I don't think it makes sense to use a universal prior. That would make sense if we suppose there are computable universes, and if we try to measure the probability we are in such structure. This is typical of Schmidhuber's approach, which is still quite similar to physicalism, where we conceive observers as belonging to computable universes. Put in another way, this is typical of using some sort of identity thesis between a mind and a program. But this does not work once we suppose that "we" are computable (which is implied by the idea of computable universe). The problem is that once "we" are computable, "we" become dispersed on infinities of programs generating our state, and below our substitution level, there will be a "competition" between an infinities of histories/universal-machines, so that the real observable universe, from the points of view of the machine cannot be a computable universe, and the physics can only be a statistics on computational extensions. This will not depend on any prior you put at the start on the computations. Schmidhuber, like many, seems to ignore the first person/third person distinction. The mind-body problem is still under the rug, and he seems to believe in third person computable universes. But the UDA explains that this is just not possible: from the 1-view (the ultimate judge of a physical theory) physics can only emerge as a stable and hopefully "multi-users" dreams, obeying to the laws of machine's epistemologies (like the self-references modalities). Also, Schmidhuber does not seem to see that although "true random" string are not computable, and cannot be individually the output of any program, true randomness exists in the UD, like the infinite iteration of the self-duplication experience illustrate. Actually the first person indeterminacy, even not iterated, is an example of "true randomness". We cannot generate a random sequences, but we can generate them all, and from the 1-views corresponding to 3-states dispersed on UD*, we just cannot avoid them.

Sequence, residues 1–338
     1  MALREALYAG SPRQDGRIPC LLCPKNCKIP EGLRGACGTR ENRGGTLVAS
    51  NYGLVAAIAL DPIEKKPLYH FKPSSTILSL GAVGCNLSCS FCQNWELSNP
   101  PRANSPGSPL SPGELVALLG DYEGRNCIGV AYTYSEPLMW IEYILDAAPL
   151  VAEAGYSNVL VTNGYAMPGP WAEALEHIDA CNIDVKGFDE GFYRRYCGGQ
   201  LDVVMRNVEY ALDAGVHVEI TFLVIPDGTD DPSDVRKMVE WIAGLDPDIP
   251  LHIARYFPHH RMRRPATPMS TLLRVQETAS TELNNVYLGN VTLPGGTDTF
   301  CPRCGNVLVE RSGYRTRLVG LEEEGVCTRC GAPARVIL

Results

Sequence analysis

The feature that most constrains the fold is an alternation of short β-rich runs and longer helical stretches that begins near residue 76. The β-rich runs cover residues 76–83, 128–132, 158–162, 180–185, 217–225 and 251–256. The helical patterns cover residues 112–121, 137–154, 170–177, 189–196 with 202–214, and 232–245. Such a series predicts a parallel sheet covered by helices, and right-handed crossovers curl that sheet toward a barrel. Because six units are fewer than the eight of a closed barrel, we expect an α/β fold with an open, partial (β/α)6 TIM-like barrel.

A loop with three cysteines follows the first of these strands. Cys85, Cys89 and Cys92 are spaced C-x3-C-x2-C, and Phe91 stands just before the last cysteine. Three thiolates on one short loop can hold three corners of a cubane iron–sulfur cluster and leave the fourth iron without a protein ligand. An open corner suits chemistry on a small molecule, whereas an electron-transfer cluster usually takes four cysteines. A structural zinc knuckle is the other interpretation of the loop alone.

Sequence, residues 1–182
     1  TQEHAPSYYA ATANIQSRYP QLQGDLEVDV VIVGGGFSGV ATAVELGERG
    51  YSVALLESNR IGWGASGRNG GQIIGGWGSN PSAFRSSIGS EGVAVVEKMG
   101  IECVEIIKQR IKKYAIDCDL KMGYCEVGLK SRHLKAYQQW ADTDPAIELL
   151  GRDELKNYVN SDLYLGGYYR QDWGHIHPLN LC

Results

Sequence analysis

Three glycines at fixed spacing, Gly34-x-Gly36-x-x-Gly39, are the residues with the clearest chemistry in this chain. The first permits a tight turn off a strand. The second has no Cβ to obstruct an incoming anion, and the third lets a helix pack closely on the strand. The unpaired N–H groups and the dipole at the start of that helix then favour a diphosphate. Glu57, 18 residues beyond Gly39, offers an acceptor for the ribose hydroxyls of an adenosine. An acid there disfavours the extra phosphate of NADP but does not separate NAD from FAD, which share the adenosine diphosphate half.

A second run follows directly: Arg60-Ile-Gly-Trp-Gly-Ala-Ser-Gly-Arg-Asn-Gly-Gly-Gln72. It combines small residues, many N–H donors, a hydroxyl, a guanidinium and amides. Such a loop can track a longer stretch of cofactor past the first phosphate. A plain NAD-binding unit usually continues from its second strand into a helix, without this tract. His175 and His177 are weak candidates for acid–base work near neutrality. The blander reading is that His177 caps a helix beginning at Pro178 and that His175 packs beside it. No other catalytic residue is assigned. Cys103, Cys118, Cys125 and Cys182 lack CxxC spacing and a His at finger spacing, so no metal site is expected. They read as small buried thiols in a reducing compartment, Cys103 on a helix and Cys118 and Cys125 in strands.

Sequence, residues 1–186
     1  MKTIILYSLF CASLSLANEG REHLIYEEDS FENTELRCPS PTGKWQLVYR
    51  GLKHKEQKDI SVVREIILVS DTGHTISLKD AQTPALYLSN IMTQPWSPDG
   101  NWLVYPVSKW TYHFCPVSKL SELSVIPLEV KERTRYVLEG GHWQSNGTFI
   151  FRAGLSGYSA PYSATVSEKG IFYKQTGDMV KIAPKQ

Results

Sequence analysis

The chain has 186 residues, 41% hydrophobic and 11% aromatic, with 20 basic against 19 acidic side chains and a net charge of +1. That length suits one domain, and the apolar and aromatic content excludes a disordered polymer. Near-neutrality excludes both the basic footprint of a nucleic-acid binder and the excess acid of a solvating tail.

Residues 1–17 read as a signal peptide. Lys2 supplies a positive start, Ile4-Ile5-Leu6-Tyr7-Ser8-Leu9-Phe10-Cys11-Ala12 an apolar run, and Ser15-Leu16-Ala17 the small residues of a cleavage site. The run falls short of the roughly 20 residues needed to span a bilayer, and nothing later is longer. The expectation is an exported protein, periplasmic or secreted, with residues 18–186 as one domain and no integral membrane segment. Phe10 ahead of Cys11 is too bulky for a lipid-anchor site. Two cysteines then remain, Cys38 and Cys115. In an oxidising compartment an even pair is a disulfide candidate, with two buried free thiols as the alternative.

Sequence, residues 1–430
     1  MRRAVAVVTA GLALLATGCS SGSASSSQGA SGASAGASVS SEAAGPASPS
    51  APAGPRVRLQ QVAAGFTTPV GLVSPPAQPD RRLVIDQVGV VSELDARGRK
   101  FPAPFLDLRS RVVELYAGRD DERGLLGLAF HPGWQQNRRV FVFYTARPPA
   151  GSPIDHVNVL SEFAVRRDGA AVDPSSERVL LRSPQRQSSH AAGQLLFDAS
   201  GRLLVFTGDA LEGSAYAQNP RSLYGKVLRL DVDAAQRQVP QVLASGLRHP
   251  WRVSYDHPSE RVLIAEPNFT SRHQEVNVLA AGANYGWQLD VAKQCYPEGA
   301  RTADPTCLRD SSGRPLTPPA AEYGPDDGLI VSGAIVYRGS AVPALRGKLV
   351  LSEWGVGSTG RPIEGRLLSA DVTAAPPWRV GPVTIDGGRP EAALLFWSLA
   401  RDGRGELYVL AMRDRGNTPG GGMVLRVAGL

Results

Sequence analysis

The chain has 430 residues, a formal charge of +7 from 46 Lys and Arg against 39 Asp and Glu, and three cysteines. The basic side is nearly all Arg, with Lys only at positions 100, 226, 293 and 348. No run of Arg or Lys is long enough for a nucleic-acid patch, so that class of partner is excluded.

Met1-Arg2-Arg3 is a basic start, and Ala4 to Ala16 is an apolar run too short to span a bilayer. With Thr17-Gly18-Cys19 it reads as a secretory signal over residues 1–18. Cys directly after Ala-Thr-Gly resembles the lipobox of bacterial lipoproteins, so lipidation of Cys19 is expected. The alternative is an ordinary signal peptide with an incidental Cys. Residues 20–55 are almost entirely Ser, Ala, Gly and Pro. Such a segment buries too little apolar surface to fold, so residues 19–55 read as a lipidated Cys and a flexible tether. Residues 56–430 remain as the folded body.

Most big progresses, even just in physics, like Galileo, Einstein, Everett, can be seen as a beginning of an 1/3 distinction, but none seems to realize that, assuming mechanism like almost everybody, a 1- person view becomes subtle indexical machine view, which has to be treated with the usual scientific rigor, using computer science. Assuming mechanism, I don't see how to avoid a serious theory of mind, like the machine's self-reference theory, which leads to some real difficulty for non-logicians, as such theories needs familiarity in logic, which is also ignored by most scientists (except logicians 'course).